Okay, okay. I was wrong. I need a portfolio, and here it is.

Admissions of error are easier swallowed with a donut.

Admissions of error are easier swallowed with a donut.

After writing an entire post about not needing a portfolio, I made one. It’s a bit sparse right now, but it will grow as things get pushed out over the next few months.

There you go, haters. Now I’m off to smell the rain that has gloriously touched down in California today, curl up with a cup of tea, and forget all of you.

(Except those of you who need a writer. I’ll listen to anything you say.)

On another note, I’m currently enamored with this artist. Suits the rain quite well, or a drive at night on a lonely road.

2 ways to be more creative right now

I gave this as a speech recently.

I’m a freelance copywriter and every day, I work on projects that require me to think creatively. Creative thinking is a big theme right now in the world of work, and sometimes we have a hard time finding creative juice when we need it. So today I’ll share a few ideas on how to get unstuck.

Both of these have helped me in a slump:

  1. Messing up my desk.
  2. Wasting time going for a walk.

Let’s start with the first one:

  1.  Messing up my desk.

I’ll confess: my desk is always a mess. (Maybe my entire house actually, but we won’t discuss that.) I wrote this piece on a desk so messy that I had to carve out space for the keyboard. For me, a messy desk makes it easier for me to jump from lily to lily in the creative pond. Ideas don’t hide in boxes, but sit tucked away in jagged corners. A mess on my desk keeps my brain from becoming too comfortable with its surroundings.

And there’s a scientific basis for you logical thinkers out there. In one study, people were given 2 environments to complete a creative project. The first was a messy room–jagged lines, stuff strewn all over–and the second was a neat and tidy room–straight, clean lines, everything in its right place. The two groups sat in these rooms and collected ideas based on a theme.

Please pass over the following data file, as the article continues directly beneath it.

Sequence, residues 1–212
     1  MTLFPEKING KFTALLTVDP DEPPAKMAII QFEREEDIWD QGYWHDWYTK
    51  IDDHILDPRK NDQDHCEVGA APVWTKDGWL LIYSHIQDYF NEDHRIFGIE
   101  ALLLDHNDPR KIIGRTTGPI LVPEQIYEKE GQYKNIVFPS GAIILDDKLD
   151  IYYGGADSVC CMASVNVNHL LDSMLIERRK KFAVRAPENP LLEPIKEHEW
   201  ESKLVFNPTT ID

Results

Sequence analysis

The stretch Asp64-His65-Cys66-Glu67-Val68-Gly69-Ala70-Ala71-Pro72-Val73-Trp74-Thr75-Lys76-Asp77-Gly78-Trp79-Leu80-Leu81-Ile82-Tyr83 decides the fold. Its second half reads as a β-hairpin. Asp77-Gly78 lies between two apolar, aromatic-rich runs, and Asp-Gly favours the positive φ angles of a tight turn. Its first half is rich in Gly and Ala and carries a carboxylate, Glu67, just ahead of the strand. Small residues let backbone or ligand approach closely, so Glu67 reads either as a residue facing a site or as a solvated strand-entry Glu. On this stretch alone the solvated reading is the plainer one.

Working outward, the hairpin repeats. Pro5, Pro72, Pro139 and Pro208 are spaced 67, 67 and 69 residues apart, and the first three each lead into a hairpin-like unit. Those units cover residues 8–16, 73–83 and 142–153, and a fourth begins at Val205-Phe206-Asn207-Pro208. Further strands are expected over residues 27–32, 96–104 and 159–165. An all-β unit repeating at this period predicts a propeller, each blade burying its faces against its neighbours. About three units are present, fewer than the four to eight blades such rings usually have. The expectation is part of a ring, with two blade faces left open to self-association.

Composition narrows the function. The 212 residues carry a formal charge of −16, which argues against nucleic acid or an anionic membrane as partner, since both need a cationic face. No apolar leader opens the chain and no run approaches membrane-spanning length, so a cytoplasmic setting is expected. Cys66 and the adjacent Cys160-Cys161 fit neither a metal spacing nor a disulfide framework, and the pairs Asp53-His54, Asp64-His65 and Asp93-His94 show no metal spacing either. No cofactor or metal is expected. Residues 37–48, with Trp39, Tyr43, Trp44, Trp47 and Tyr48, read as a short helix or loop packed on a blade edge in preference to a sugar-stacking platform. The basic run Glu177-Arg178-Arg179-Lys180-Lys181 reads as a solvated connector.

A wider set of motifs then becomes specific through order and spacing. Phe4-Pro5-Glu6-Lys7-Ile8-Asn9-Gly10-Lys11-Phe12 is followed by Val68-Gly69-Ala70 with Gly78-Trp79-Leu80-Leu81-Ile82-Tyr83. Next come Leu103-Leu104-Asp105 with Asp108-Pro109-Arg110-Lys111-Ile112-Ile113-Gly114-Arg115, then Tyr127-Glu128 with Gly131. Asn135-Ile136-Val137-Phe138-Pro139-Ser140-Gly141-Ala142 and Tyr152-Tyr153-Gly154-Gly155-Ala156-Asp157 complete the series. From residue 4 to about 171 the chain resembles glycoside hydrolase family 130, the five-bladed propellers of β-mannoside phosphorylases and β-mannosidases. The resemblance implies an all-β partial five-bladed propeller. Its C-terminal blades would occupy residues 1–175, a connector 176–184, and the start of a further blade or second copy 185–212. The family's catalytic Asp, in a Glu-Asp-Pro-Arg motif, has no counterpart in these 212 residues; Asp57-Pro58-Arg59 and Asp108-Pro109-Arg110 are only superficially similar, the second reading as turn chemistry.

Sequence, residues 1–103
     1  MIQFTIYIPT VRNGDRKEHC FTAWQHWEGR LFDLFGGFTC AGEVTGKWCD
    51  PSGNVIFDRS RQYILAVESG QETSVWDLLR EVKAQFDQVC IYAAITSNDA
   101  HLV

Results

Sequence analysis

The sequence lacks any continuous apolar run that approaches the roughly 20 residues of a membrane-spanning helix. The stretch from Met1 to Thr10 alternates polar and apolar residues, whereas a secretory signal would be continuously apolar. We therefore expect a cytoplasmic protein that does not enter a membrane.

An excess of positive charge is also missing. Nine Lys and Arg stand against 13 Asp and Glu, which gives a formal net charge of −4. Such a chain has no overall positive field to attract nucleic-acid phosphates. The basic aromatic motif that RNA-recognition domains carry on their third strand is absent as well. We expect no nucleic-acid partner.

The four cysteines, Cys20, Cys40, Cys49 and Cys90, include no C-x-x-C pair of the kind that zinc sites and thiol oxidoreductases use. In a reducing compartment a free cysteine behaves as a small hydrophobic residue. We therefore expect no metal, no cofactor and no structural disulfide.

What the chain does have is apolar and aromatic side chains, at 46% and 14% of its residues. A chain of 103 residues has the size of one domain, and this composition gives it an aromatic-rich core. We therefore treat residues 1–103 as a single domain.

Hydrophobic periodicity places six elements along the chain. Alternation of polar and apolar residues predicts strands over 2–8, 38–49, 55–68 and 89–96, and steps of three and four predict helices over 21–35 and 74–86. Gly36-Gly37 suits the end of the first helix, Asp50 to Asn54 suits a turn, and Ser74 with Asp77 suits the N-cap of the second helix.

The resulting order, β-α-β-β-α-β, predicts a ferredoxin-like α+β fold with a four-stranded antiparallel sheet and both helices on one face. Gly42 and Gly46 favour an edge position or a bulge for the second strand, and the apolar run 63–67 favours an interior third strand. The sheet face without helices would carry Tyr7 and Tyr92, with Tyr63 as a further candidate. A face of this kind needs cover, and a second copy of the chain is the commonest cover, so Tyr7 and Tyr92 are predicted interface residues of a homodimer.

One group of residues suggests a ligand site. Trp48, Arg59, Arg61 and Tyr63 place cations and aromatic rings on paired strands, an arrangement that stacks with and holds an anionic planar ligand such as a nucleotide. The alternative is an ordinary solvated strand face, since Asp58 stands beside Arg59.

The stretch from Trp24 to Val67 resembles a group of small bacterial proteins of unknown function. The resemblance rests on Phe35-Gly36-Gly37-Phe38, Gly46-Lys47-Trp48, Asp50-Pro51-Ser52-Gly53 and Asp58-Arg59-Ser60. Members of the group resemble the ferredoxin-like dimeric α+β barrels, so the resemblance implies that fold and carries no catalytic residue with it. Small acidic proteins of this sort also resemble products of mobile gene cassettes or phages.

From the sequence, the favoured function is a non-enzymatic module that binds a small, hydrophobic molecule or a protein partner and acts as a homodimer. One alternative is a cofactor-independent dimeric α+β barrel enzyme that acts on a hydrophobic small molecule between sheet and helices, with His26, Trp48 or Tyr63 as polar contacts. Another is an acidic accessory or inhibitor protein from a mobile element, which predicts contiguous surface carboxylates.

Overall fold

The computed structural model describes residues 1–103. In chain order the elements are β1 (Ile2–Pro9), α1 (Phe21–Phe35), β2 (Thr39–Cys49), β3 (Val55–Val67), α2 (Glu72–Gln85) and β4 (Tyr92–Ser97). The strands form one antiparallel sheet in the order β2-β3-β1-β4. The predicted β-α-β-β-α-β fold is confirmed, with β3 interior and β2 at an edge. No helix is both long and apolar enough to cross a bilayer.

When all of the ideas were submitted to an independent panel, who do you think had the better ideas?

The ideas from the messy room. They were rated as much more creative and innovative than the ones from the tidy room. That’s because we work more freely in an environment that encourages messy thought. We don’t restrict ourselves.

And a fun fact: Even Einstein seemed to know this trick.

  1. Wasting time going for a walk.

I’ve had some humdingers of delicious problems handed down to me from clients lately. One afternoon I was working through something so intensely that I realized I hadn’t taken the dog out for 8 hours. (Whoops.) To atone for my sin, I took him to the dog park. It takes about 20 minutes to walk there.

To be honest, that kind of break is a big waste of time for me when I’ve got a big push. But something happened to me on that walk: As I walked, I felt my brain relaxing. The structure of the problem in my head began to rearrange itself. Thoughts and ideas started coming faster and faster–so fast that I started talking to myself out loud about what was going on in my head.

(At this point, I put headphones on so I looked like I was on a call. I couldn’t be “that crazy lady” at the park.)

When I got back to my desk, my brain had somehow worked out the problem I had been struggling with for the past three hours. I looked it up and found that my experience is backed up by science:

This year, a Stanford University study found that the simple act of walking can boost your creativity up to 60 percent.